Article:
About ‘Normaal Doen‘ – words by Jaimy Gail:

One of my projects which executed this aim in particular is the series Normaal Doen in which I photograph the concept of normalcy. It’s a project borne out of a comment made by the Dutch prime minister, addressing the public to ‘act normal’. It’s a project that changed overtime as it grew bigger and turned out to be this ongoing project that is really dear to me.

It began in january 2017 the Dutch Prime Minister wrote a letter addressed to it’s Dutch citizen to ‘Act normal, or piss off/leave the country’ (Doe normaal of rot op). This might look like a pretty meaningless phrase when Dutch isn’t your native language and maybe at first it feels like there is not much to argue about; I’d think everybody feels one should act normal until a certain point right? And although the letter had some commotion in The Netherlands it soon kind of faded, still to me it had e a huge impact and couldn’t let go of what he was suggesting. Of course as a Dutch woman I’m very known with a calvinistic approach towards behavior and it’s almost culturally determined that the Dutch phrase ‘Doe maar normaal dan doe je al gek genoeg’ ‘Act normal that is already crazy enough’ almost is the fundament of Dutch culture. Still, in the  letter of the Prime Minister there is an underlying tone of excluding without really saying anything.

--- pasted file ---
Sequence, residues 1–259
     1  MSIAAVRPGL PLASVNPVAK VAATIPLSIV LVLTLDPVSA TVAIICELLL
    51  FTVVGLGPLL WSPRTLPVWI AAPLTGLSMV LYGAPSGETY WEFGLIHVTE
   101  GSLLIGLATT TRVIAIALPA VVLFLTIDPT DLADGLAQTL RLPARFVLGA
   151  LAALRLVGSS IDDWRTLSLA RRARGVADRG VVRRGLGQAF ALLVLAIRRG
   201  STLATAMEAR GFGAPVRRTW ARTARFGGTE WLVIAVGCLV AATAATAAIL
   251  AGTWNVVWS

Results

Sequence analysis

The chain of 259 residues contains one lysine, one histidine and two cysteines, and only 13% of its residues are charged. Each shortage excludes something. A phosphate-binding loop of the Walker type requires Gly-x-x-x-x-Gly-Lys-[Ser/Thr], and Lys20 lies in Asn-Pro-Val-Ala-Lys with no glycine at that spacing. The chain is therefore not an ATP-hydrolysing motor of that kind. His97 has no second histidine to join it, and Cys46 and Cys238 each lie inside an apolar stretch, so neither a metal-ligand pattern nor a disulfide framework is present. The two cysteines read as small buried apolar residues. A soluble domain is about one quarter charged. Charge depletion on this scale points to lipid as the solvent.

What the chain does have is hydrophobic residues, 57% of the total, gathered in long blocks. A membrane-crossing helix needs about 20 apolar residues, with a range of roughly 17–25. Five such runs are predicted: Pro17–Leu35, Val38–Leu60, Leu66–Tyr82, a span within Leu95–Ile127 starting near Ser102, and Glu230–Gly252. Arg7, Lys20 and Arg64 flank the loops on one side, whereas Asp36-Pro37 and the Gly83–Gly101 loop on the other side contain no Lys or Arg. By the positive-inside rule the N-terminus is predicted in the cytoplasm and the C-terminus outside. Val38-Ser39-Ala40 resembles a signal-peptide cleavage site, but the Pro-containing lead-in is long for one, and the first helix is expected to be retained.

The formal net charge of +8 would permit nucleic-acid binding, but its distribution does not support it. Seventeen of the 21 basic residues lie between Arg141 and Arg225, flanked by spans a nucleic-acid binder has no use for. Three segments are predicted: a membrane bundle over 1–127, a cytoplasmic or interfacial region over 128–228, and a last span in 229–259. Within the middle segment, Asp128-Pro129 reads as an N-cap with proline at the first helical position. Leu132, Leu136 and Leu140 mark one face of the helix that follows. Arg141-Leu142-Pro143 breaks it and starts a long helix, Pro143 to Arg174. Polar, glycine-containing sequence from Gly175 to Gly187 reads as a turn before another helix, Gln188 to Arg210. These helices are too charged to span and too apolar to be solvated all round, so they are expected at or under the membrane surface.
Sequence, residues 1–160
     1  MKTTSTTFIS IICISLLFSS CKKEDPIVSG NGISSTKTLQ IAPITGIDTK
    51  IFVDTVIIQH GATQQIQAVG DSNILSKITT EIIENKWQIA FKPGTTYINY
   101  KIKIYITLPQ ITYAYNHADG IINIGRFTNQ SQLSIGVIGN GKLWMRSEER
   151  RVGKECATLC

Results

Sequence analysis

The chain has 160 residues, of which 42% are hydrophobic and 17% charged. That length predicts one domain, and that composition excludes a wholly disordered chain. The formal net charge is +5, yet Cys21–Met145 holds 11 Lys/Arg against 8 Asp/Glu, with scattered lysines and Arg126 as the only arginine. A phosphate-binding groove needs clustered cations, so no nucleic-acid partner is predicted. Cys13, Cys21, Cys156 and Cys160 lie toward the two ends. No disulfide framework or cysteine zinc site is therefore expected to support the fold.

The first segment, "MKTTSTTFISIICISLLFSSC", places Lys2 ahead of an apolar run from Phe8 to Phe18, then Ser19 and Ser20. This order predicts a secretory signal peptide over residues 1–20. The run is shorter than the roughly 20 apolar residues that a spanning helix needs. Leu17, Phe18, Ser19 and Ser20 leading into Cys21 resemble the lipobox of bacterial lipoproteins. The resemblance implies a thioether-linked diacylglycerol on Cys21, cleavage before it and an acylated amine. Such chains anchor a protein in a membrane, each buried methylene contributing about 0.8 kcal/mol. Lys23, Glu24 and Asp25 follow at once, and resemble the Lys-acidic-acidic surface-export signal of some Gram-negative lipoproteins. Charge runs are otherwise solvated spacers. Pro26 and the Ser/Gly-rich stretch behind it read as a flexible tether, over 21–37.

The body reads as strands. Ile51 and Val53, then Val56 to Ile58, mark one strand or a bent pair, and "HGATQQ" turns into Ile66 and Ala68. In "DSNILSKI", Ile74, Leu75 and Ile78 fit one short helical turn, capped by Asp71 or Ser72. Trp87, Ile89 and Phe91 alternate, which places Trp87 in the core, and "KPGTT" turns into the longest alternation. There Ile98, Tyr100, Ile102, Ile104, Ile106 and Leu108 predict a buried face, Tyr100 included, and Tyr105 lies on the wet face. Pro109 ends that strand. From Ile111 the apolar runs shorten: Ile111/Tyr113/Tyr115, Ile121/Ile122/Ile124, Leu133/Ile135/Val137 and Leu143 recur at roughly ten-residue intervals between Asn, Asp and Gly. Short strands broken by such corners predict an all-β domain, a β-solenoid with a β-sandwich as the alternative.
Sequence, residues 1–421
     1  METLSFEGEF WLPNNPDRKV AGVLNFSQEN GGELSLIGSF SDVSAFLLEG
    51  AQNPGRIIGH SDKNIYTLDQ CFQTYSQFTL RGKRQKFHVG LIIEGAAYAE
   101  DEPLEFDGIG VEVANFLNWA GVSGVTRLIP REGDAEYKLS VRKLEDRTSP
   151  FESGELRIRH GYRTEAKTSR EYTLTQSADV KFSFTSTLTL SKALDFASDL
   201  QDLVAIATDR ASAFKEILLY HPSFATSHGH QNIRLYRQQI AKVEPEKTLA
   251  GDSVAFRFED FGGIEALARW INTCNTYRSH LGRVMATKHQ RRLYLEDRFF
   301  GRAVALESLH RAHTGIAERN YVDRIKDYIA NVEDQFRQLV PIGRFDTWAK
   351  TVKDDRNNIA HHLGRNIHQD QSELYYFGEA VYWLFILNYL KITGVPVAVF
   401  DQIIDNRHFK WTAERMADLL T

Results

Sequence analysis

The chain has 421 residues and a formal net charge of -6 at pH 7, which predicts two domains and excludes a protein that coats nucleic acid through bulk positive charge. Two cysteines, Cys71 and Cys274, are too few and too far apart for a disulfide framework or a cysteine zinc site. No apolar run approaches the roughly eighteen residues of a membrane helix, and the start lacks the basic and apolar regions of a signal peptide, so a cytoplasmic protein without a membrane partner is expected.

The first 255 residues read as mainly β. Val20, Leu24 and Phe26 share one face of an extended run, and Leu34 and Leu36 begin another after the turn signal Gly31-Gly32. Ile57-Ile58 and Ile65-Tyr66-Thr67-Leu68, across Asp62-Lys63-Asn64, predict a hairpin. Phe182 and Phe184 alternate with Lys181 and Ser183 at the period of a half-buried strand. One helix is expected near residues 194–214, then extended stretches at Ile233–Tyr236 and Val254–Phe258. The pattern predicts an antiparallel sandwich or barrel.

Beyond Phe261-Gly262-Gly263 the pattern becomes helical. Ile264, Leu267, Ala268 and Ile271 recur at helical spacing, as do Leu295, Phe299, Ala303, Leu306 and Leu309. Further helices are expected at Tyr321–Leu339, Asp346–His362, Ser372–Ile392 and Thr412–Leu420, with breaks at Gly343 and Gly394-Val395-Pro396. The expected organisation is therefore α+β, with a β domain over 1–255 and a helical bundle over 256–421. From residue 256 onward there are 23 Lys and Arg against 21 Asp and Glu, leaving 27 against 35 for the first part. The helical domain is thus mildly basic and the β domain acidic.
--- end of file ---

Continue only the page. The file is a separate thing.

So I asked myself what it is, acting normal? How did it look like?
What I did is I wanted to see if I could alter his message of acting normal and make it visual. But leaving the message of the images as open as our Prime Ministers letter.